Archive for February, 2015

Feb 27 2015

Launch event recap

Published by under appearances,Macbeth

Presenting Macbeth at the TKPL, photo by Bruce Guthrie

I’ve had three Macbeth launch events so far, and all have gone swimmingly. First I was in Boston, dealing with snowbanks up to my chinny-chin-chin, but lots of folks came out to join me, for which I’m very thankful! Wellesley Books and Porter Square Books have been super-supportive of my work for years, so I was very happy to have the first launch events there.

The first event was at Wellesley Books, Alison’ former employer and a fabulous group of folks who are really family to us at this point. Lots of teachers came to this one, as well as friends and fans old and new.

Next up was Porter Square Books, with a great turnout including lots of good friends, and two fabulous actors from ASP doing a scene from Macbeth as part of the presentation. Mara and Jesse were great. If you’re in the Boston are you should really check out ASP, they stage wonderful productions.

The second round of events is here in the DC area. Monday night I was at the Takoma Park Library. Great turnout, including some of my fellow aikido students. The talented Dave Burbank turned the tables on me by doing this great drawing while I was presenting — and pulled in some imagery from my Macbeth reference photos as well!

Portrait of me presenting at TKPL, by Dave Burbank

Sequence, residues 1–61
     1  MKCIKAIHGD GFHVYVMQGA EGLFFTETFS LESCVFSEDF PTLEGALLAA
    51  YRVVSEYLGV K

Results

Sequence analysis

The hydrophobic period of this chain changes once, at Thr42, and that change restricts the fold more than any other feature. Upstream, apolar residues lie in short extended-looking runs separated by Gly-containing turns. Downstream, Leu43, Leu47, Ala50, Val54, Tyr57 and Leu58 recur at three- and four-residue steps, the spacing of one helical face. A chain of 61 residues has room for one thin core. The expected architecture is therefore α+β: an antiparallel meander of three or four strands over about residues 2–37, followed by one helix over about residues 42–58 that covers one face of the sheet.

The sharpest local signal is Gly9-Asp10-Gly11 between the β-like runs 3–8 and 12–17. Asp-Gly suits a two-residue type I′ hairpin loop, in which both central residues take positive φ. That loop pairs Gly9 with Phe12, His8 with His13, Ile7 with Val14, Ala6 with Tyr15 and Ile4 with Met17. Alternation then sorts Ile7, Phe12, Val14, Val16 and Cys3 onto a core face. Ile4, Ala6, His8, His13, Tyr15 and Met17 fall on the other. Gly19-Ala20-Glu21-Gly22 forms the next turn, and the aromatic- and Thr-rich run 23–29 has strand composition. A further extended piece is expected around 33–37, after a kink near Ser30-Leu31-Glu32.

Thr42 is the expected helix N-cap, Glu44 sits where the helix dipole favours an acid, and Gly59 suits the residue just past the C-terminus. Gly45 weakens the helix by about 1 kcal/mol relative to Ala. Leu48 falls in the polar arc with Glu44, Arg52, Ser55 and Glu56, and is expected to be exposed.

Portrait of me presenting at TKPL, by Dave Burbank

Also Bruce Guthrie took all these great photos. This is the best-documented event I’ve done by far!

Me with Dave Burbank and Karen McPherson (two of my favorite librarians!)


Presenting at TKPL, photo by Bruce Guthrie

Tonight I’ll be at Hooray For Books in Alexandria, VA. No projector, so I’ll be drawing oldschool, on an easel. Next week I’m doing an event for local schools at Politics & Prose, and then my local events are done for a while. (To keep up with all my events and major news, sign up for my e-newsletter here.)

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Feb 07 2015

For Les

Published by under Macbeth

Macbeth comes out this week. Here is the dedication page…


Macbeth dedication page


Les Kanturek died almost 2 years ago, on Feb 25 2013, after a long battle with cancer. Of the many excellent art teachers I was lucky enough to learn from during my education at RIT and Parsons, Les was one of my favorites, and one of the few who became a close personal friend in the years after I graduated. He had an incredibly generous heart and a great sense of humor, and he made even dry subjects like how to do self-employed taxes fun to learn. He helped countless young illustration students find their artistic voice, and he will always be missed by those who had the good fortune to know him.

Here is a short video profile of Les created by Ray Zablocki:

You can see some of Les’ quirkier projects on his blog. There is a Facebook group called “For the Love of Les” featuring lots more stories and photos of Les.

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Feb 07 2015

Scott McCloud at Politics and Prose

Published by under sketchbook

Scott McCloud, author of Understanding Comics*, has a huge new book out called The Sculptor, and he’s on a 14-city tour promoting it. Last night I went to see him at Politics & Prose, in conversation with Michael Cavna of the Washington Post. The conversation was wide-ranging, and offered great glimpses into McCloud’s applied philosophy of comics storytelling. I’ll say more about the new book, but first some sketches: